A novel is fiction. It's not true. Pure imagination. Right? Well, yes, but... I suspect every novel contains some little something from the author's past. Where Love Once Lived is no exception. While I didn't make the same mistakes Brian did, there are events in my life I wish hadn't happened. But I trust God lead me to where I am today.
In the following excerpt, I describe a scene at the Texas state capitol that I had with my mother and dad and sisters when I was a child. Photos reminded me of the event for years after it happened. My dad tricked me into drinking the sulfur tasting water that day cementing the memory forever. I also remember a time when I wondered if people were staring at me and a fellow marine who happened to be black as we traveled from California to Texas.
When we reached my parent's house in Austin, I was concerned about their reaction since, as far as I knew, Bill would be the first black person in our home. However, he was accepted graciously. My dad even drove us the rest of the way to Houston, saying we were probably too tired to drive further.
In this excerpt, Brian had asked to meet with Mr. McCullough, the 78-year-old father of Brian's best friend Phil, because Brian wanted advice on being close to God. You'll have to read the book to find out more. I only included enough here to describe the setting.
“You know,” Mr. McCullough said as he and Brian walked through the capitol grounds, “a few years back, ever’one would be staring at us.”
Brian was six foot two, and Phil’s dad was five two or three at the most. Mr. McCullough had just gotten off work at the Driskill and still had on his white shirt and bowtie. Brian wore shorts and Birkenstocks. Still, Brian knew Mr. McCullough was talking about race, not stature or clothing. Mr. McCullough was from a time in history Brian could never fully understand, but he’d read about how blacks suffered. It was a time of segregation.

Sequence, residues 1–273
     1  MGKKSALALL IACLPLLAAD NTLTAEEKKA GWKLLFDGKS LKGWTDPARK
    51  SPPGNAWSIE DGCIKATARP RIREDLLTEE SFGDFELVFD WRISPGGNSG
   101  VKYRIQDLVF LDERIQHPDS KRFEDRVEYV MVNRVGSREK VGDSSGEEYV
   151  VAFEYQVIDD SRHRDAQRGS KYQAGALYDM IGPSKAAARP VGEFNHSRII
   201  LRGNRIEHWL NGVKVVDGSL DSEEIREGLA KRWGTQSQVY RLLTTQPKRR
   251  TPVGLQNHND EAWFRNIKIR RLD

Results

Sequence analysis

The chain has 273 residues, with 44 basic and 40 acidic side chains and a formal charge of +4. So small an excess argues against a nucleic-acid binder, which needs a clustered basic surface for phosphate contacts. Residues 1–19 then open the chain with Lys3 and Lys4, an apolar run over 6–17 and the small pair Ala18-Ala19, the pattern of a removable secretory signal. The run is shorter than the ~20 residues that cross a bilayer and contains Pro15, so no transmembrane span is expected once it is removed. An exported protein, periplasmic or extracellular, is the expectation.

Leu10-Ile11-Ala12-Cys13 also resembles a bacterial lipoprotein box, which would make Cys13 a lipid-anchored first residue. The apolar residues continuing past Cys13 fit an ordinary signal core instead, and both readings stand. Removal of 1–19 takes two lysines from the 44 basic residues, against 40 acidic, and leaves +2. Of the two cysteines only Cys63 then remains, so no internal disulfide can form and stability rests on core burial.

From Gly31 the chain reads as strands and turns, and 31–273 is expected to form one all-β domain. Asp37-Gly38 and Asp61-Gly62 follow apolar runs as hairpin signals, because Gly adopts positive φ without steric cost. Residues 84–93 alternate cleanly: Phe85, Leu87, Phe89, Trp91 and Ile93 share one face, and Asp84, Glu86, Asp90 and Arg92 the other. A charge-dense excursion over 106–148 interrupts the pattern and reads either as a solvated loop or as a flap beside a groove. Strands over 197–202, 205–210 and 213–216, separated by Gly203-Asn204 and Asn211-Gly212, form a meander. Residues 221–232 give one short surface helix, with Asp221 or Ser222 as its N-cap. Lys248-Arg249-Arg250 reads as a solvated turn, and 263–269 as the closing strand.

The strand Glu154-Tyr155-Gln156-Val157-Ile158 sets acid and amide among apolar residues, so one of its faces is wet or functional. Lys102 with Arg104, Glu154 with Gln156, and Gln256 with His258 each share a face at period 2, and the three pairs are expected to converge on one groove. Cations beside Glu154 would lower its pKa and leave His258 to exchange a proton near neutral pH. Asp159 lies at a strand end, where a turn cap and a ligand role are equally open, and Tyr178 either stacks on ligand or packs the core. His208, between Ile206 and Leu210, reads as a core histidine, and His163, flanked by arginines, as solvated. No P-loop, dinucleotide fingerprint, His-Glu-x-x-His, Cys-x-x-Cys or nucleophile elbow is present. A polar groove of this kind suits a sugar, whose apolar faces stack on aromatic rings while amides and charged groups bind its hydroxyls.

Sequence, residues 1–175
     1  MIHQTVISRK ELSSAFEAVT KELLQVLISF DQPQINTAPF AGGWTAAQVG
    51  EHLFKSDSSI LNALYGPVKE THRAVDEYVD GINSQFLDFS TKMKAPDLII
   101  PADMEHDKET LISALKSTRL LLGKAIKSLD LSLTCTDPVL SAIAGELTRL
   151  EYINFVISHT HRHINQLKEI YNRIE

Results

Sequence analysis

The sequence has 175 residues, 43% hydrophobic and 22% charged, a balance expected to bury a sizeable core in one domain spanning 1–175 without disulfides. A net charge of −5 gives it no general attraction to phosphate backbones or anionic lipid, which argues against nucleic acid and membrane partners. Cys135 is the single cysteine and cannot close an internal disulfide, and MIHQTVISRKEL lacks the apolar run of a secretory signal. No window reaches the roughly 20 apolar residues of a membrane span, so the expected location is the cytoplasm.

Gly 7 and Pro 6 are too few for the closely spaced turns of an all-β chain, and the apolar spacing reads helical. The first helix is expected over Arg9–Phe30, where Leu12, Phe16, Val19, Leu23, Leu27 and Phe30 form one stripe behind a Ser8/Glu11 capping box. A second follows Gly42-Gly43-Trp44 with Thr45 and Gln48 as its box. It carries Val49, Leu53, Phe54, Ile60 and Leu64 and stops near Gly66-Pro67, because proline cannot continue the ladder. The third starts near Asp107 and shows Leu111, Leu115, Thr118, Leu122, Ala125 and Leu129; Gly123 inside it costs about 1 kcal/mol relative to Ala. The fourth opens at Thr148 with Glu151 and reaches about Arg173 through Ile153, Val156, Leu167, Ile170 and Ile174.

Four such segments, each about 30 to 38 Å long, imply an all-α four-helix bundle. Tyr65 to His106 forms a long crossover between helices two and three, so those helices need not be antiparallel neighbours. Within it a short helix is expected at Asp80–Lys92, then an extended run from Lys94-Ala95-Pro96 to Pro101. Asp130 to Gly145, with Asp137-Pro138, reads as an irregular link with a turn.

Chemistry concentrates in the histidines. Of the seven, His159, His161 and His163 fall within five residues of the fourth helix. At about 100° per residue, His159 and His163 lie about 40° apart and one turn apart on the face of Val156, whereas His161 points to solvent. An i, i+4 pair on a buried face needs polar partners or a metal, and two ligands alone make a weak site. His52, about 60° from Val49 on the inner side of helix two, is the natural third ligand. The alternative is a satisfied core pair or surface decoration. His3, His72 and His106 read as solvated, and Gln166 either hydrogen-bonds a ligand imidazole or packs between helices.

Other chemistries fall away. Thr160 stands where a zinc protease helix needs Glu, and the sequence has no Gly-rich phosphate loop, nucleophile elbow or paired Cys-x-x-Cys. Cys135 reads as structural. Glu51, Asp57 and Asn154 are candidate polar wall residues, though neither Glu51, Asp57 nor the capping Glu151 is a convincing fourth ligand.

Mr. McCullough looked around. “When I was jus’ a kid, nine or ten I’d say, my parents brought me here.” He motioned toward the spot where they sat. “My daddy told me to drink from a sulfur fountain that was here. Said it’d be good for me and make me healthy. But there was a problem. Back then, you see, we had separate drinking fountains. One marked ‘white’ and one marked ‘colored.’”
He paused, but Brian waited for him to continue. “There was only one sulfur fountain and it wasn’t marked one way or ‘nother, colored or white.” He laughed. “Didn’t matter. We sneaked a sip when no one was about. Only once, though.” He shook his head and made a face. “Terrible stuff. Smelled like rotten eggs.”
See: http://sidneywfrost.com/capitol.htm for photos of the area where Brian and Mr. McCullough may have been.
I would love to hear from you. Do you have family memories about visiting places like the state capitol? What caused the memory to stick in your mind? Have you experienced racial segregation? Have you ever felt people were staring at you because you did something out of the norm? Please comment below or email me: firstname.lastname@example.org.